” Between 2000 and 2007 trust in most of the main parties had risen significantly (with the exception of the UUP, where trust had remained steady at a fairly high 50 per cent). Most notable had been the increase in trust for SF and DUP ministers: Catholic trust in a DUP minister had more than doubled from 2000, while Protestant trust in SF had risen similarly. But by the end of 2008 the picture was different. There was a distinct loss of trust in ministers across all the main parties and SF and the DUP thus lost much of the gains they had made between 2000 and 2007 (Figure 2).

Thinking about the ministers in the Northern Ireland Executive, how much would you trust a minister from each of these parties to act in the best interests of all the people in Northern Ireland?

2000 2007 2008

DUP 33 49 37
SDLP 43 51 40
SF 17 35 22
UUP 51 50 41

Between 2002 and 2008, responses to the question ‘Overall, do you think that the Northern Ireland Assembly has achieved a lot, a little, or nothing at all?’ became progressively less positive. From a high of optimism in 2002, when Catholics in particular were highly positive about what the assembly had done, opinions shifted.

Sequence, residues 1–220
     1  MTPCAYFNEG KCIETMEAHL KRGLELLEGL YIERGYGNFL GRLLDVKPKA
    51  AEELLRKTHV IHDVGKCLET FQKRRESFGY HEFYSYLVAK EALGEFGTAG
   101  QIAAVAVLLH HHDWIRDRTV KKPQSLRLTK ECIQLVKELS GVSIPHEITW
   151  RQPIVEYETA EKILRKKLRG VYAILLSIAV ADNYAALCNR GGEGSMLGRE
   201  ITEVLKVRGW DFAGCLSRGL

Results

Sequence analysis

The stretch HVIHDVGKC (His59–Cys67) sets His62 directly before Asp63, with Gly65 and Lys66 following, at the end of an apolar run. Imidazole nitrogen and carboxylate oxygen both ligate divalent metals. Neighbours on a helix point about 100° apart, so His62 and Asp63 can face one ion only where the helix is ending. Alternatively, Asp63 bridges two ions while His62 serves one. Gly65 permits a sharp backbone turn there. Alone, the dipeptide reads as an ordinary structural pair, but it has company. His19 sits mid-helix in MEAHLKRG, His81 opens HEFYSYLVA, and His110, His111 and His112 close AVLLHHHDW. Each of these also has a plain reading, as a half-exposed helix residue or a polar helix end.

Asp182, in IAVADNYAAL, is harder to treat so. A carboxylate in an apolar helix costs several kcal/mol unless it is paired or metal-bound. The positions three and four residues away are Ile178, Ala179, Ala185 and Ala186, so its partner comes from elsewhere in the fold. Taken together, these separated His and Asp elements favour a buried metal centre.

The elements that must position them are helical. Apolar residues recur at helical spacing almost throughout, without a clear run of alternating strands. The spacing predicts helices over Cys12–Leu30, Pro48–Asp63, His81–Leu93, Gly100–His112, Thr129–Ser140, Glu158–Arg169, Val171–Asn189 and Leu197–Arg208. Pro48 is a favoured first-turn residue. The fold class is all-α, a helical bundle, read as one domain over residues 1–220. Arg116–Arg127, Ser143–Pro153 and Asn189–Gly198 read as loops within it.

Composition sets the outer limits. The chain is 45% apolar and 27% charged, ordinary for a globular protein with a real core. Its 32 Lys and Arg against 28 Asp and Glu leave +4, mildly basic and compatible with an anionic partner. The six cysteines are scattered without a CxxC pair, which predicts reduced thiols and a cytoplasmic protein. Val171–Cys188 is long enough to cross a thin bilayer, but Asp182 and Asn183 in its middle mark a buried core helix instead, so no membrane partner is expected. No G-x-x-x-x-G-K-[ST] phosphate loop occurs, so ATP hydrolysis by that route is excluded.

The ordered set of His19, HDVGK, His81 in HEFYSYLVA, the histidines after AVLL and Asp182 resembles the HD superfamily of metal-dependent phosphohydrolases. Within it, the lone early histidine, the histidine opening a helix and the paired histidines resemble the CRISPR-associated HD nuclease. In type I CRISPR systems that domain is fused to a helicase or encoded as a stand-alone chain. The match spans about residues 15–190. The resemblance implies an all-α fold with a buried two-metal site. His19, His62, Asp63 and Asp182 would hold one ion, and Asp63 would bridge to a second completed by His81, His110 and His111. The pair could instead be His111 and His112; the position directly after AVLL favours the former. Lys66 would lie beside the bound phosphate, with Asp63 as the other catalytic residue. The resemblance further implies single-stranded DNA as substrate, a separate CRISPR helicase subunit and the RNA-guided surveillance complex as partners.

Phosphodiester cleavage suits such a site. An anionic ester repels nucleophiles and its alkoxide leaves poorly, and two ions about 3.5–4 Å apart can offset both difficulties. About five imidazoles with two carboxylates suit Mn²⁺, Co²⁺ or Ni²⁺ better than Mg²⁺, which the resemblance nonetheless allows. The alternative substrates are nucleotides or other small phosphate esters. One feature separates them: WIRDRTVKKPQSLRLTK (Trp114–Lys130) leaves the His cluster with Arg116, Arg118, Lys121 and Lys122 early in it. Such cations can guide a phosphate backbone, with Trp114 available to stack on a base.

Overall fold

In the latest survey, only between 50 and 60 per cent in either community felt that the assembly had achieved something . Perhaps this was to be expected: many felt the existence of the assembly at all in the early years was something of an achievement and this perhaps has become taken for granted.”

Figure 3: Respondents who think that the assembly has achieved ‘a lot’ or ‘a little’ (%)

2002 03 07 08

Catholics 86 69 69 54
Protestants 70 54 62 57

So while alternatives are not on offer thanks to the Belfast and St Andrews Agreements, the survey results issue a warning, not that the Assembly might implode due to its internal contradictions but that it would cease to be relevant to people’s lives. It’s main achievement might even come under threat. As nature abhors a vaccuum, there remain enough sinister elements around willing to fill it.

  • Nah

    “the two main parties have this desperate need to top the poll”

    Erm no that was the DUP all by themselves. I never heard the Shinners mention it once.

  • Itwas SammyMcNally whatdoneit

    The significance of the Euro results is that it shows that a sizeable % of Unionist voters (10% for TUV?) still do not like the current ‘settlement’ and have voted against it.